Wellcome Principal Research Fellow, Professor of RNA Biology and Director, Wellcome Centre for Cell Biology
David Tollervey studied for a BSc in Microbiology in Edinburgh and then for a PhD in Genetics at Cambridge in the lab of Herb Arst. He then moved to the University of California, San Francisco, as a postdoctoral fellow in the laboratory of Christine Guthrie. In 1983 he relocated to a permanent post at the Institut Pasteur in Paris, which he left in 1988 to move to the European Molecular Biology Laboratory (EMBL) in Heidelberg as a group leader. He returned to Edinburgh in 1997 as Professor of RNA Biology and a Wellcome Trust Principal Research Fellow. Since 2011 he has served as Director of the Wellcome Centre for Cell Biology. He is a Fellow of the Royal Society, and of the Royal Society of Edinburgh, a member of EMBO and Past President of the international RNA Society. The aim of the Tollervey group is to understand the nuclear pathways that process newly transcribed RNAs and assemble RNA-protein complexes, the mechanisms that regulate these pathways and the surveillance activities that monitor their fidelity. His current research combines in vivo UV crosslinking and high-throughput sequencing to precisely identify sites of RNA-protein interaction and RNA-RNA basepairing, with genetics, biochemistry, transcriptomics and bioinformatics.
With the arrival of the COVID-19 pandemic, we have commenced work on SARS-CoV-2: https://spark.adobe.com/page/wl1eLDI6JEind/
RNA Processing and Quality Control
RNA-binding proteins (RBPs) have important functions at all steps in gene expression, including transcription, RNA processing and mRNA translation. Defects in RBPs underpin many genetic diseases, while responses to environmental stress are frequently mediated by altered RNA-protein interactions.
We examined global RBP dynamics in Saccharomyces cerevisiae in response to stress, using our recently developed technique of total RNA-associated protein purification (TRAPP). Stresses induced very rapid remodeling of the RNA-protein interactome, without corresponding changes in RBP abundance (Bresson et al., 2020). A set of “scanning” translation initiation factors (eIF4A, eIF4B, and Ded1), were remarkably rapidly evicted from mRNAs (<30 sec after glucose withdrawal) driving translation shutdown (Fig). Selective mRNA 5'-degradation by the exonuclease Xrn1 was seen following heat shock, particularly for translation-related factors, reinforcing translational inhibition. Notably, these responses are distinct from previously characterized pathways for stress-induced translation inhibition.
An outstanding question in nuclear RNA quality control is how “defective” RNAs are identified and targeted for degradation. During surveillance, the RNA exosome functions together with the TRAMP complexes (Delan-Forino et al., 2020). These include the DEAH-box RNA helicase Mtr4 together with an RBP (Air1 or Air2) and a poly(A) polymerase (Trf4 or Trf5). TRAMP acts to make substrates more susceptible to degradation, by addition of a single-stranded “tail”, and also targets them to the exosome. Combining biochemistry, genetics and genomics, we identified three distinct TRAMP complexes formed in yeast, which preferentially assemble on different classes of transcripts. Surprisingly, the poly(A) polymerases Trf4 and Trf5 emerged as crucial in TRAMP targeting and recruitment.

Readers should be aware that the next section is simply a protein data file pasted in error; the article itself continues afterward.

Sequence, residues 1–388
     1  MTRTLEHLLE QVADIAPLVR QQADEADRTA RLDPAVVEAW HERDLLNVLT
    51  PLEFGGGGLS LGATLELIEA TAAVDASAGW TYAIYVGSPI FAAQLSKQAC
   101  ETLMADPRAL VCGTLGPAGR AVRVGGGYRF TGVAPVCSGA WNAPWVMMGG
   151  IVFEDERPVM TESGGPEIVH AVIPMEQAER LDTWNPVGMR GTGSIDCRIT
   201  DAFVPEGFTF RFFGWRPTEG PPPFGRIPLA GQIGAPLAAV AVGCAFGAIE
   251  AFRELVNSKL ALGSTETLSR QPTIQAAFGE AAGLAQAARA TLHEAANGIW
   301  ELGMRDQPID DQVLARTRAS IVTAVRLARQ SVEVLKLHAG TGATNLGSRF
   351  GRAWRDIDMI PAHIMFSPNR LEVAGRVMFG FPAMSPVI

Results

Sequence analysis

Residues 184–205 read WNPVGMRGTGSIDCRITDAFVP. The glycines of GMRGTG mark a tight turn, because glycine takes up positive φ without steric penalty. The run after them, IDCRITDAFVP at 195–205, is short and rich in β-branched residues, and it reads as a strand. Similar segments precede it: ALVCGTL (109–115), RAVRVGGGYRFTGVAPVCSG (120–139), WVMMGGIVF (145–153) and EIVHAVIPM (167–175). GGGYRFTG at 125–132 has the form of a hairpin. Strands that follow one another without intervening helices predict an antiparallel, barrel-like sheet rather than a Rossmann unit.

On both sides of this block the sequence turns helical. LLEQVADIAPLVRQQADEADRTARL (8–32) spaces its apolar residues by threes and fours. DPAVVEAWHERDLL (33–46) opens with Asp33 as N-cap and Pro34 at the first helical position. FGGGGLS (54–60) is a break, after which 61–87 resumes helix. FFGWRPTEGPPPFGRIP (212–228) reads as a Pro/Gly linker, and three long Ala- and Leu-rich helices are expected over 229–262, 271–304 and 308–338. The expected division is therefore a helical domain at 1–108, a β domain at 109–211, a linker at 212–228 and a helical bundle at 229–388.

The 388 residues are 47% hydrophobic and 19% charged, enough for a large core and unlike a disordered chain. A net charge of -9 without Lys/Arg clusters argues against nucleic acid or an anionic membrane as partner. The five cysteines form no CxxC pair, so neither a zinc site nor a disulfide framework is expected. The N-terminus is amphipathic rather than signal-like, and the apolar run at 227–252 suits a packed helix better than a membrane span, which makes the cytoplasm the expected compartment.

Transcription elongation rates are important for many aspects of RNA processing, defining the “window of opportunity” for interaction and folding. However, sequence-specific regulation of elongation rates is poorly understood. Notably, elongation by RNA polymerases is only moderately processive, being based on a "Brownian Ratchet" rather than an energy-driven mechanism. To analyse RNA polymerase I elongation in S.cerevisiae (Turowski et al., 2020) we combined in vivo RNAPI profiling, in vitro biochemical analyses and a quantitative, mechanistic model of transcription elongation. Unexpectedly, these revealed that folding of the nascent pre-rRNA close to the transcribing polymerase has a major effect on the elongation rate, with a modest contribution from the stability of the RNA-DNA duplex in the active site. RNAPI from S.pombe was similarly sensitive to transcript folding, as were S.cerevisiae RNAPII and RNAPIII. For RNAPII, unstructured RNA, which favours slowed elongation, was associated with faster cotranscriptional splicing and proximal splice site usage, indicating regulatory significance for transcript folding.
Bresson, S., Shchepachev, V., Spanos, C., Turowski, T., Rappsilber, J., and Tollervey, D. (2020). Stress-induced translation inhibition through rapid displacement of scanning initiation factors. Molecular Cell 80, 470-484.
Delan-Forino, C., Spanos, C., Rappsilber, J., and Tollervey, D. (2020). Substrate specificity of the TRAMP nuclear surveillance complexes. Nature Communications 11, 3122-3122.
Turowski, T.W., Petfalski, E., Goddard, B.D., French, S.L., Helwak, A., and Tollervey, D. (2020). Nascent transcript folding plays a major role in determining RNA polymerase elongation rates. Molecular Cell 79, 488-503.
Stress induces very rapid translation and selective mRNA degradation.
Following glucose starvation or heat shock, translation initiation factors rapidly dissociate from the 5'-end of mRNAs, halting translation initiation. Already-initiated ribosomes continue translating, leaving unprotected mRNAs. Following heat shock, Xrn1 is involved in degradation of a subset of these transcripts.